February 11, 1930 – Raymond H. Torrey (Sec, Ass. For the Prot. of the Adks.) to James S. Cawley (McGraw-Shaw Company, NYC) –
Dear Mr. Cawley:
After receiving your letter of January 23, regarding your suggestion that the State acquire land on the east side of Lake George near Black Mountain, I wrote to Mr. William G. Howard, superintendent, lands and forests, Conservation Department, to ask the attitude of the department. He sent me a memorandum, which he had made for Commissioner MacDonald, to furnish Lieut. Gov. Lehman, who, he said, agreed with their view that acquisition of this land by the state at the present time, was neither necessary nor desirable.
In this memorandum, Mr. Howard reported that the owner of this land, Mr. Knapp, has provided picnic grounds and trails to the public, and has protected the forest from fire and from pine blister rust. He is unwilling to sell his property. The only benefit that would accrue to the state through acquisition by the department would be to assure that the area would not be lumbered, and lumbering is not probable while the land remains in its present ownership. If lumbering operations were contemplated, the State has the authority to appropriate the lands at any time.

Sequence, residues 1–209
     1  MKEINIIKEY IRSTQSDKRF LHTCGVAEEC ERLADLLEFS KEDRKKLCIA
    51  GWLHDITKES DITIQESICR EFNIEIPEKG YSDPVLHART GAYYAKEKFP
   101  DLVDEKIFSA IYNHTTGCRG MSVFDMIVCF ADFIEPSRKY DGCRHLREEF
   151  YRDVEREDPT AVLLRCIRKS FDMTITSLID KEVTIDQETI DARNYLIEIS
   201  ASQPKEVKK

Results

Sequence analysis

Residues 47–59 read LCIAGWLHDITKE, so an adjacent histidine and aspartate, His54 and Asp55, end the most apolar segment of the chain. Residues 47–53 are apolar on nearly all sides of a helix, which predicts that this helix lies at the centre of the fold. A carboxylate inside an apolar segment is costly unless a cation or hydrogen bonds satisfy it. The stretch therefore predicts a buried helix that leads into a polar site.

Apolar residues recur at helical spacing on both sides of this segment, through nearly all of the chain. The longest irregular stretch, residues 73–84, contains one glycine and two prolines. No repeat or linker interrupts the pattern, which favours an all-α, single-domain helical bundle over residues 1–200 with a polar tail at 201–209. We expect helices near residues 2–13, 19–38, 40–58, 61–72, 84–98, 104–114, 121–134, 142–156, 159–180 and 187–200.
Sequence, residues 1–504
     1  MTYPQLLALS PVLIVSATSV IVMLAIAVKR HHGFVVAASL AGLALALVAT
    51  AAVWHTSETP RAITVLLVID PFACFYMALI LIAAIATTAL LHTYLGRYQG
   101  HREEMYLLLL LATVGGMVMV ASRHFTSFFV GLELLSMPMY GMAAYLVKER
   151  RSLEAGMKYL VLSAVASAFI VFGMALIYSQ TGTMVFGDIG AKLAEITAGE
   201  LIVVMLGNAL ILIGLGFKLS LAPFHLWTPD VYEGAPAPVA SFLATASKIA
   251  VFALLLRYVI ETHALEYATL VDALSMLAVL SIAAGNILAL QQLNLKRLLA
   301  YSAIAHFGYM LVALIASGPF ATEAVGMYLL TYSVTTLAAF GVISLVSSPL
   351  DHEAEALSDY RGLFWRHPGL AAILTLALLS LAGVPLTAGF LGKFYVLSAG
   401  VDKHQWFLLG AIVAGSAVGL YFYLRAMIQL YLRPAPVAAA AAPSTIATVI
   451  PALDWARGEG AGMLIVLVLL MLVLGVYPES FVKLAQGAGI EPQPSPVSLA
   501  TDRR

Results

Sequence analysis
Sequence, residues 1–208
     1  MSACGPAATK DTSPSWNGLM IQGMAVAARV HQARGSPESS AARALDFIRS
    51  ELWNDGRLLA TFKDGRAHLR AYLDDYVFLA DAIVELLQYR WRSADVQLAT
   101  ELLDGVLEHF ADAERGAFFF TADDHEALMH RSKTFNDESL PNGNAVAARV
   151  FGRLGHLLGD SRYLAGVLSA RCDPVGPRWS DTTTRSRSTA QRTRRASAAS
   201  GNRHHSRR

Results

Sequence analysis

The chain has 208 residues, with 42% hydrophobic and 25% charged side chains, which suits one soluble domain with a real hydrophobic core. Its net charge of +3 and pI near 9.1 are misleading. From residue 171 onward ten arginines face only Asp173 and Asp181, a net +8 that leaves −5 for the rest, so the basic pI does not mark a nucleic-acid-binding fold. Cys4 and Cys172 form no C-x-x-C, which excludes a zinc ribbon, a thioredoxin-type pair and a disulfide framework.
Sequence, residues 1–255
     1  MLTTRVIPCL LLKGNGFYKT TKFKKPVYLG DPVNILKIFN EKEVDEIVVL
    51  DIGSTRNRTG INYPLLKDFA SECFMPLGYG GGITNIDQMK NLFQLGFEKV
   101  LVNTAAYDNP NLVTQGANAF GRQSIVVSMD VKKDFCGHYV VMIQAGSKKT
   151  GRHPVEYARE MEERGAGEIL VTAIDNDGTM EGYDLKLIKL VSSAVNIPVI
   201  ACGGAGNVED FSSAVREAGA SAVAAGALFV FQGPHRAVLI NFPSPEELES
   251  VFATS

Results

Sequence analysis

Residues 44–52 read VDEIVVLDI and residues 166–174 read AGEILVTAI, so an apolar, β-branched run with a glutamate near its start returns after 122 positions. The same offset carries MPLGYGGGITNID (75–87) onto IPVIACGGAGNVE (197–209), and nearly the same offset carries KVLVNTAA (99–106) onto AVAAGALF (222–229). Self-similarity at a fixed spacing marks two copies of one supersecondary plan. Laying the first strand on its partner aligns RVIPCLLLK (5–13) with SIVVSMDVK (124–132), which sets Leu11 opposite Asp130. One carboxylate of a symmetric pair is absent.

I reported on this at a meeting of the Trustees of the Association for the Protection of the Adirondacks, on Feb. 7, and they concluded to take no action at this time.
Your interest in matters pertaining to conservation of the Adirondacks Forest Preserve is appreciated, and we shall always be glad to have suggestions from you in this line. The other matter, that of the alleged undesirable developments on private land on Tongue Mountain, is awaiting a report by the Conservation Department and the State Health Department, to the Land Board.
Very truly yours,
Raymond H. Torrey, Secretary